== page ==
The day after I attended a Malaysian palm oil conference last week, the European Commission released its formal ILUC proposal on biofuels. I provided a series of views at the conference on the current EU regulatory environment on biofuels that gave a glimpse of the widely reported leaked version of the Commission’s initial proposal in September.
If only the Commission’s formal proposal had come out a day earlier perhaps the mood in Malaysia about playing in the European market wouldn’t have been so gloomy. I’ve updated my presentation here in slides 8 and 9 in yellow to reflect these changes to the Commission’s formal proposal.
Compared to the initial one leaked in September, the formal version that now awaits a stormy debate in the European Parliament and Council backs away from an immediate effort to entirely ditch first generation/food-based biofuels (which is largely what all biofuels produced and used globally are today). Call it pragmatism or industry pressure, but the Commission’s formal version — in contrast to the leaked version — still makes it possible, even if it’s a more difficult possibility under the new version, for Member States to comply with the 10% renewables-in-transport target by 2020 as well as the Fuel Quality Directive (FQD).
Specifically, this step back focuses on the watering down of so-called ILUC “factors,” that beast of a reference to the so-called indirect emissions that NGOs say are spewed in spades by first generation biofuels. The ILUC factors have moved from being a mandated reporting requirement applicable to the FQD to not being a legal requirement (stay tuned though, that could still change).
Still, the proposal’s maintaining of the 5% cap on first generation biofuels toward compliance with the EU’s 10% renewables-in-transport target is a major problem for today’s commercial biofuel producers. The EP’s ENVI Committee is foaming at mouth to get the dossier on this proposal and will, to be sure, make ILUC factors a legal requirement in its own eventual proposal. Expect various Council members, however, to put their foot down on factors, including Germany and Spain.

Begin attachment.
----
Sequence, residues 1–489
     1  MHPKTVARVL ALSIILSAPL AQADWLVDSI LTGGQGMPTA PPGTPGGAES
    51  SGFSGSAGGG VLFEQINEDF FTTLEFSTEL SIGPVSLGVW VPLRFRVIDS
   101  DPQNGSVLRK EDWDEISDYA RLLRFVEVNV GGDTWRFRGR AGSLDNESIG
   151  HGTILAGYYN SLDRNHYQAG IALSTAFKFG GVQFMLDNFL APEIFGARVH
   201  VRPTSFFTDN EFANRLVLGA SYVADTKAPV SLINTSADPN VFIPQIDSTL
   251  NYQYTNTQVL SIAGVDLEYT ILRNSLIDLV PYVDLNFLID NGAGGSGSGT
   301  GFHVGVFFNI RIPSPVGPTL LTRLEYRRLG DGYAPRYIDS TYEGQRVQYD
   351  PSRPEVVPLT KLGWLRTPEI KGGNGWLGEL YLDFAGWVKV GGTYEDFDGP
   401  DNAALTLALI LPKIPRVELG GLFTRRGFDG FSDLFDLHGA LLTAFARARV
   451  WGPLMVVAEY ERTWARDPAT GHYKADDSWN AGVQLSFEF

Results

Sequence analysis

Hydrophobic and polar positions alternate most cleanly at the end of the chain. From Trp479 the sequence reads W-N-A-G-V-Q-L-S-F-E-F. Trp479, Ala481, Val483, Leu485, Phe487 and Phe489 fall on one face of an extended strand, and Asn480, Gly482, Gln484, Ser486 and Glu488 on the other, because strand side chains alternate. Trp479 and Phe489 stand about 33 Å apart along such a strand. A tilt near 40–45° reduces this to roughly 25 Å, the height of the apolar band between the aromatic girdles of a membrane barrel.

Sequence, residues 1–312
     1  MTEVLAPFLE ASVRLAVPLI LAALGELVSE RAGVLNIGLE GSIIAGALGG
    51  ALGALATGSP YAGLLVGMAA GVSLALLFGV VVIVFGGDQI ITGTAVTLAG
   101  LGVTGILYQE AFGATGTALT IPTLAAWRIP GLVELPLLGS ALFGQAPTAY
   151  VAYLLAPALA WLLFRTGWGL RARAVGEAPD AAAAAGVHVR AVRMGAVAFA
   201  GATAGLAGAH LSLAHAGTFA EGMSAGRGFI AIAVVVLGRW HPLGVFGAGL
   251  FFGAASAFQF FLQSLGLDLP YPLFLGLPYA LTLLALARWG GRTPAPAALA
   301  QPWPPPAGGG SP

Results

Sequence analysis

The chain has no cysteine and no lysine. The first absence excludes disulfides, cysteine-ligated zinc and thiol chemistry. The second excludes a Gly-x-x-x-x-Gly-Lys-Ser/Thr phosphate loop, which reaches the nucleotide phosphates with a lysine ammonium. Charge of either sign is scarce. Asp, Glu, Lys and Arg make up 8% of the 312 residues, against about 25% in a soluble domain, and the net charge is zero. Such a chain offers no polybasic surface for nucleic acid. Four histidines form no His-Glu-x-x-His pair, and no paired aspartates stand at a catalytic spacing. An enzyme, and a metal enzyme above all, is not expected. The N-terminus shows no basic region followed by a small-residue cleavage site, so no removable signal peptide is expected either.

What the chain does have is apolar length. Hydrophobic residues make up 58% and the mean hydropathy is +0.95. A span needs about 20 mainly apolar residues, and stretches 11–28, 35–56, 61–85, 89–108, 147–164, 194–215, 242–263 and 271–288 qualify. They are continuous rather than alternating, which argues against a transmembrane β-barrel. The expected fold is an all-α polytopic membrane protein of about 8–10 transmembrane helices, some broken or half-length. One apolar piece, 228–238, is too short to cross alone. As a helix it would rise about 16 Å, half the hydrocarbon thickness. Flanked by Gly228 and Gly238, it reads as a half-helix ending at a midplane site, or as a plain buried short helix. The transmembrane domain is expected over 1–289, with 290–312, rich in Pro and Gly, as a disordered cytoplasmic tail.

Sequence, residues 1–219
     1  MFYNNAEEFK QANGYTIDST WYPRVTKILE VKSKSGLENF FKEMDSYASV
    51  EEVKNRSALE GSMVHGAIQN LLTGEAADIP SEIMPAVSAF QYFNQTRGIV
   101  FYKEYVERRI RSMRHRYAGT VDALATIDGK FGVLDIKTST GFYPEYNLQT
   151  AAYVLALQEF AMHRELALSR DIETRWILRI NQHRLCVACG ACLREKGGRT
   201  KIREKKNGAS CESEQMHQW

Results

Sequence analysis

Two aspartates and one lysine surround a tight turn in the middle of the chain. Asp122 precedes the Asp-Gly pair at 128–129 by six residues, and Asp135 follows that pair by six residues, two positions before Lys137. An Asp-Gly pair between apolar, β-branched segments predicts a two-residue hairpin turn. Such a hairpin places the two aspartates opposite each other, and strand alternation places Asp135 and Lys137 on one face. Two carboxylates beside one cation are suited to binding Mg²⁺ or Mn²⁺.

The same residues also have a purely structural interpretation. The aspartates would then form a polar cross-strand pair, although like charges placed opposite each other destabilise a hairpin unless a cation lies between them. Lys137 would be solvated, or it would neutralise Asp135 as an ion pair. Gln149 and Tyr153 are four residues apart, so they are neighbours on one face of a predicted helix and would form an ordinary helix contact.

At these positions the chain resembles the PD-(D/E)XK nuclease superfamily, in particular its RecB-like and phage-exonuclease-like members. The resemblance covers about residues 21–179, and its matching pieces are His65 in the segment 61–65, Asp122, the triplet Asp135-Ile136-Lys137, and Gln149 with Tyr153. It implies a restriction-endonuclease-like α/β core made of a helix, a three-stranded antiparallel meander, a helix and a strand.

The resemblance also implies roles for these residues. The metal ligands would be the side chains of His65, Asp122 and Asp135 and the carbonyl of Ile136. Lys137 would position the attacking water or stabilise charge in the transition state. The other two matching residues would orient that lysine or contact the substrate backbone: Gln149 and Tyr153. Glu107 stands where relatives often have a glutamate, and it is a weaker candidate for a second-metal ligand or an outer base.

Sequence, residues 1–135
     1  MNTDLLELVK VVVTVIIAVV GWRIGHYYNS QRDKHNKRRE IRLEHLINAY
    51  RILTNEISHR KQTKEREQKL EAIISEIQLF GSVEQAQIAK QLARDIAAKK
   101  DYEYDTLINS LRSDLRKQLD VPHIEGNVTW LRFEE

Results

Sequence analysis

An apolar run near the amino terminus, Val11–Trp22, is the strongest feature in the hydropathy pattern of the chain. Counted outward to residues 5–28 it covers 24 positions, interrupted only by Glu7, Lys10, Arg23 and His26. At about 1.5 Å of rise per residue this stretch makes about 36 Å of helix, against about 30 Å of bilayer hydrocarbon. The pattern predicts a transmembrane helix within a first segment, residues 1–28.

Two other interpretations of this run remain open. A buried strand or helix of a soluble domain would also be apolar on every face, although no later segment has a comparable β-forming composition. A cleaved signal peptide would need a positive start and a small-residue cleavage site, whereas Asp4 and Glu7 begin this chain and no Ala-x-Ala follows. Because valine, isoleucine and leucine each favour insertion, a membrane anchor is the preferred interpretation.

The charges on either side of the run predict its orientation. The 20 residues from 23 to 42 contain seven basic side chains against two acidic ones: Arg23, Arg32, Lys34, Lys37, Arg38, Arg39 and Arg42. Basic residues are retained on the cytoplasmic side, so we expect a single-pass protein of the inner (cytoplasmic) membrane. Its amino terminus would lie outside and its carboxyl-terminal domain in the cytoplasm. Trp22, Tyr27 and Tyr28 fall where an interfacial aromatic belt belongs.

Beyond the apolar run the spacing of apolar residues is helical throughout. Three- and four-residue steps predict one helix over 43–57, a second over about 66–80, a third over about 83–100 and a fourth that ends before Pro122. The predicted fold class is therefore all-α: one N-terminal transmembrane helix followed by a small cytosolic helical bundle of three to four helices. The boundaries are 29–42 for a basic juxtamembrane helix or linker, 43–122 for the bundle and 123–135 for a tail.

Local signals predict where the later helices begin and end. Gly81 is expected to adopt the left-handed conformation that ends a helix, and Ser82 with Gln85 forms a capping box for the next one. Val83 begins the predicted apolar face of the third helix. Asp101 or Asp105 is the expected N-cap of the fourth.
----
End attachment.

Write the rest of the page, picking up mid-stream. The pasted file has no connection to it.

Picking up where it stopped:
Whenever a policy proposal is based on a set of arbitrary assumptions (like ILUC factors) — without empirical groundings — you can always expect an even more animated debate.
The EU will be lucky though to have an ILUC policy, of any flavor, in place before EP elections in summer 2014 and before a new Commission is in place that year. The Commission itself was almost two years behind schedule on this proposal announced last week because of the politics of the issue. And during that two-year period, EU economic conditions have gotten worse across the board, including record level Eurozone unemployment. Those economic realities will make it more difficult for Member States to sign off on a proposal already burdened by slippery technical qualifications that could further undermine employment prospects and renewables’ investment in Europe.
Also, some needed perspective: according to the UN FAO, biofuels account globally for a very small amount of global agricultural production, about 2%, or roughly 36 million hectares, out of a total global cropland of 1,527 million hectares, although the share is rising.
The central point though is that ILUC carbon accounting can be discussed until the cows come home, with no intellectual clarity, as numerous research has certified. ILUC carbon accounting is a very young child. Compared to climate change science – which is decades’ old and empirically grounded – ILUC research remains in its infancy at five years old.
ILUC research is essentially about trying to model cause and effect behavior of commodity markets and human behavior in general and about finding data to support the thousands of assumptions that are the basis of the research. It can hardly be trusted as a basis for public policy when modeling results change by the day and when there is no representative, scientific acceptance of what type of carbon accounting model should be followed for assessing the potential indirect effects of different biofuel feedstocks.
For sure, the risks of indirect effects from biofuels are real and need to be addressed. That is why addressing ILUC risks through mitigation measures, such as utilizing co-products from biofuel production, manufacturing efficiencies, and crop production on degraded lands, should be thoroughly pursued to deal with these risks. ILUC mitigation is something industry has been pleading to the Commission about for months to little avail.
But let’s see if the Council can inject intellectual vitality into the debate with a serious examination of ILUC mitigation, instead of getting swept up in the feel-good factor of ILUC carbon accounting, which will not produce desired or measureable results.
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